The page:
sample from HTML program and PDF book
1. There are two types of repetition which you should try to avoid in essays:
- ideas or arguments
- important words or phrases
2. Repeating ideas or arguments suggests that you have not thought enough about the question and its implications. You are not offering enough substance in your response.
3. The solution to this problem is to generate more ideas at the planning stage. A well-constructed plan will help you to avoid duplicating your arguments – because you should be able to see the topic defined in your notes.
4. The repetition of words and phrases is a trickier issue. Many questions will obviously call for topics to be named in the course of your discussion. However, you should avoid the irritating effect caused by excessive repetition – especially of key terms or specialist vocabulary.
5. Avoid the excessive repetition of any important or key terms from the essay question in the body of your essay. Unless the nature of the topic makes it impossible to do so, try to find other way of expressing the central idea of the question. This will also demonstrate that you have understood it, and it will add variety to your expression.
6. Repeating the exact words of the question in the introduction to an essay is a very common weakness. Avoid this approach: it creates a very lame effect. A much better strategy is to show that you understand the question by ‘translating’ it into your own terms.
7. The same is sometimes true of conclusions. An exact repetition of the question (especially if you have also used it in the introduction) creates a weak and disappointing effect.
8. If you are tempted to repeat words or phrases, there are two general solutions to the problem:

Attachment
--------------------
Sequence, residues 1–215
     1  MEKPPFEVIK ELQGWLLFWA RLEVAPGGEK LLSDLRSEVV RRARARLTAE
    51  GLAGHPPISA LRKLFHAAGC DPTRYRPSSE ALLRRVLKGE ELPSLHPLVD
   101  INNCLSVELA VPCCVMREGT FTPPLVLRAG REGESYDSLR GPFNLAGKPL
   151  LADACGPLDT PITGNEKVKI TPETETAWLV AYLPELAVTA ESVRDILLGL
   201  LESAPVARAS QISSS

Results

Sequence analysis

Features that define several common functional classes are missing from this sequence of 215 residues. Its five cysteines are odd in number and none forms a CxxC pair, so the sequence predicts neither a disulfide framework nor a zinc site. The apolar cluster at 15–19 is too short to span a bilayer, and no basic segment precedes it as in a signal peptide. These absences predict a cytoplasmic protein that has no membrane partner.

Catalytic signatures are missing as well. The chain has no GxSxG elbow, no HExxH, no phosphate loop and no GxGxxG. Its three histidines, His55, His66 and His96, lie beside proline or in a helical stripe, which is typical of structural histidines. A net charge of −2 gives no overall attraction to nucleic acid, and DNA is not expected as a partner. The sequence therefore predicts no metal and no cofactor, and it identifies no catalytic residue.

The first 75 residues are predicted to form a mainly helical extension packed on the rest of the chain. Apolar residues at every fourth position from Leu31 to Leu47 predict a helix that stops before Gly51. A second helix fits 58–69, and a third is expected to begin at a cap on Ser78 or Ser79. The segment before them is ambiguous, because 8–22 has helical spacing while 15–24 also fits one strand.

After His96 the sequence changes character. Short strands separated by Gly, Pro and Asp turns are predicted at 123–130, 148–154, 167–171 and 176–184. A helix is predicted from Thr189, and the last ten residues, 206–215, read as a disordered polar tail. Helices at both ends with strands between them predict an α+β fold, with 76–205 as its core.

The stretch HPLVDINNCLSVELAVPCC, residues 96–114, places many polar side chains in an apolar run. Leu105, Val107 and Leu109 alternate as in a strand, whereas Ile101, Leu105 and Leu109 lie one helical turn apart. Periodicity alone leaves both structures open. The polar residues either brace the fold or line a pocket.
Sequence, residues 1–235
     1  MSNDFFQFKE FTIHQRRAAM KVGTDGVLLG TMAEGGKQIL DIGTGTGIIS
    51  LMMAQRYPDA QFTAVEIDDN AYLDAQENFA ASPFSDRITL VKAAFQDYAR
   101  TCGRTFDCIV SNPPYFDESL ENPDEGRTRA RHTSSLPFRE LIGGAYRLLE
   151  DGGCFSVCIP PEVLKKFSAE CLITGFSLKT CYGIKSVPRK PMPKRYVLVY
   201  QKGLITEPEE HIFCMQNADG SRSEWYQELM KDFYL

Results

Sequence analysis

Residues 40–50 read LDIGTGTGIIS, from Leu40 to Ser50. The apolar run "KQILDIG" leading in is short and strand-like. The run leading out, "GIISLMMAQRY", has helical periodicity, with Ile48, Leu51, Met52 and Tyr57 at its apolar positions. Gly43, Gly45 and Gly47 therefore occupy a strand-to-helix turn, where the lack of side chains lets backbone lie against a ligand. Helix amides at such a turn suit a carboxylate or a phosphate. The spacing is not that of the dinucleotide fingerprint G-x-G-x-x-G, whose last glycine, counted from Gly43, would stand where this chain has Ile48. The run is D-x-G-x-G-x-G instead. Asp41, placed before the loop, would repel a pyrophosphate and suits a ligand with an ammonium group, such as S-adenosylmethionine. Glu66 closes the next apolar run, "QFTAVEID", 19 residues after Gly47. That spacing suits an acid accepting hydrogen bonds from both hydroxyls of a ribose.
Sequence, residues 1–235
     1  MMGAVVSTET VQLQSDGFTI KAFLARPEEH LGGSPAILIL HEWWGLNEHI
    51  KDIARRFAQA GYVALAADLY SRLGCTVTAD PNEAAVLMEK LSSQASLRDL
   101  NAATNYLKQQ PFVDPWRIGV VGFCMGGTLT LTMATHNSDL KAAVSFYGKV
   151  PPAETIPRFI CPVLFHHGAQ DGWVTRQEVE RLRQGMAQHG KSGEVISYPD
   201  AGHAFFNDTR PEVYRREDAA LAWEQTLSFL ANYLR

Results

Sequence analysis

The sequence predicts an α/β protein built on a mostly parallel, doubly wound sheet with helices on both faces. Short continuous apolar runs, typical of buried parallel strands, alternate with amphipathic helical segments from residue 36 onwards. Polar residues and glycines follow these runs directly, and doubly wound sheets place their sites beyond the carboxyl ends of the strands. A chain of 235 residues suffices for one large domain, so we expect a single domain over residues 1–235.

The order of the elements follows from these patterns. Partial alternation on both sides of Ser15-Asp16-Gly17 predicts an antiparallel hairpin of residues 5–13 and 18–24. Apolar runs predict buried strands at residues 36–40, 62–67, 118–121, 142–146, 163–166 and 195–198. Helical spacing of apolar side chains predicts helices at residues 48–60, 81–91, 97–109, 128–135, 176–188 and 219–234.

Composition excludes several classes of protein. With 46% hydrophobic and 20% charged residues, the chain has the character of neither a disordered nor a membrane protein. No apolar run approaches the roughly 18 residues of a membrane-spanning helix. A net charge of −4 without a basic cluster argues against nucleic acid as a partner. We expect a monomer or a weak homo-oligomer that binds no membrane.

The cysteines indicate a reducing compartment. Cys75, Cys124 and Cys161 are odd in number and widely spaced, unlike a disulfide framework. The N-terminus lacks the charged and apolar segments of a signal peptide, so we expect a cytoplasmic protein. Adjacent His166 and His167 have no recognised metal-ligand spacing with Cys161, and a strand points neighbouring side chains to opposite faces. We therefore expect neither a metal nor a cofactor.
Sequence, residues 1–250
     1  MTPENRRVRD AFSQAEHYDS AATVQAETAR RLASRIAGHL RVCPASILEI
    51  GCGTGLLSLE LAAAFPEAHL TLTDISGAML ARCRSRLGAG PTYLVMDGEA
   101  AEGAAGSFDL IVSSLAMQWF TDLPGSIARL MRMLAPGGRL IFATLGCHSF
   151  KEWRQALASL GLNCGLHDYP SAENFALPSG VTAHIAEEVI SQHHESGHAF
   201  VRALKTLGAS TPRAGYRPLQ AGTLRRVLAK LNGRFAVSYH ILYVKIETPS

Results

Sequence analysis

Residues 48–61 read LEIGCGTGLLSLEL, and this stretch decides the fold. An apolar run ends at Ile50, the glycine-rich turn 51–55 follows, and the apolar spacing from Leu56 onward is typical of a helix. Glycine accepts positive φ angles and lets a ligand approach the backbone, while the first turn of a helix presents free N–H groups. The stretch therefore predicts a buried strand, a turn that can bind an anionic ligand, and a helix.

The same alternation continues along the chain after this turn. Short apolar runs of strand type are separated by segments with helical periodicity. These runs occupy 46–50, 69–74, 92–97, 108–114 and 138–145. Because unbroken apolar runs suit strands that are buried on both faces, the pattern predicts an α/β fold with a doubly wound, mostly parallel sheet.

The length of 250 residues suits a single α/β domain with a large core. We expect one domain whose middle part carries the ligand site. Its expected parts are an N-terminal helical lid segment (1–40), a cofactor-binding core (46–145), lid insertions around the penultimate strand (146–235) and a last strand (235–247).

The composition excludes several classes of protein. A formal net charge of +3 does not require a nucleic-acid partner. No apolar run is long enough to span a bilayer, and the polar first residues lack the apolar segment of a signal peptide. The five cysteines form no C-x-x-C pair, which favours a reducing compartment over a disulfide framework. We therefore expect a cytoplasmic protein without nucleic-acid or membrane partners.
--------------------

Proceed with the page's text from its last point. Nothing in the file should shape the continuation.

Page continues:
- re-phrase the concept in your own words
- use a thesaurus – either a book, or the one in your word-processor
9. If you use a thesaurus, take care to choose a near-synonym from the same subject area and not another field of meaning altogether. For example, in an essay on educational policy where you wish to avoid repeating the term ‘education’, it would be no good choosing the terms ‘nurture’ or ‘care’ just because they are listed. These belong to the sphere of child-rearing. You might however choose ‘pedagogic’ or ‘academic’.
10. The converse of this strategy is to rephrase the concept. Demonstrate your understanding of the question by putting it into your own words. This not only avoids the boring effect of repetition, it also demonstrates to your tutor that you have grasped the subject concerned.
11. In an essay which deals predominantly with one thing or person, there is no need to keep repeating the name. For instance, instead of ‘Othello says … then Othello tries … and Othello’s speeches show …’ you can simply use ‘he’ or ‘his’ after the first mention of the name. So long as you do not introduce another name or topic, it should be clear to the reader that you are still referring to the same thing or person.
12. Alternatively, in such an essay, you might use terms such as ‘the hero … the protagonist … the Moor’. However, this approach should be handled with great care, as it can easily seem mannered and pretentious.
13. Keep in mind the general subject of your essay and the context in which its details are being discussed. You cannot simply pluck words from a dictionary or a thesaurus and use them as if they all had the same value.
14. Writers who lack experience often begin successive sentences with the same words instead of finding some form of substitute or variation. Rigorous editing and re-writing are answers to this problem. The following [weak] example is taken from what is otherwise a competent essay in literary studies.
To J C Ballard, the history that emerges from Empire of the Sun is not there merely to provide background or local colour. Empire of the Sun assumes that the reader has some knowledge of its historical content. The novel assumes that the reader has some knowledge ofAsiatic history …
16. This could have been improved by avoiding the second mention of the novel’s title and deleting the phrase which follows it, since it is repeated in the next sentence:
To J C Ballard, the history that emerges from Empire of the Sun is not there merely to provide background or local colour. The novel assumes that the reader has some knowledge of its context in Asiatic history …
© Roy Johnson 2003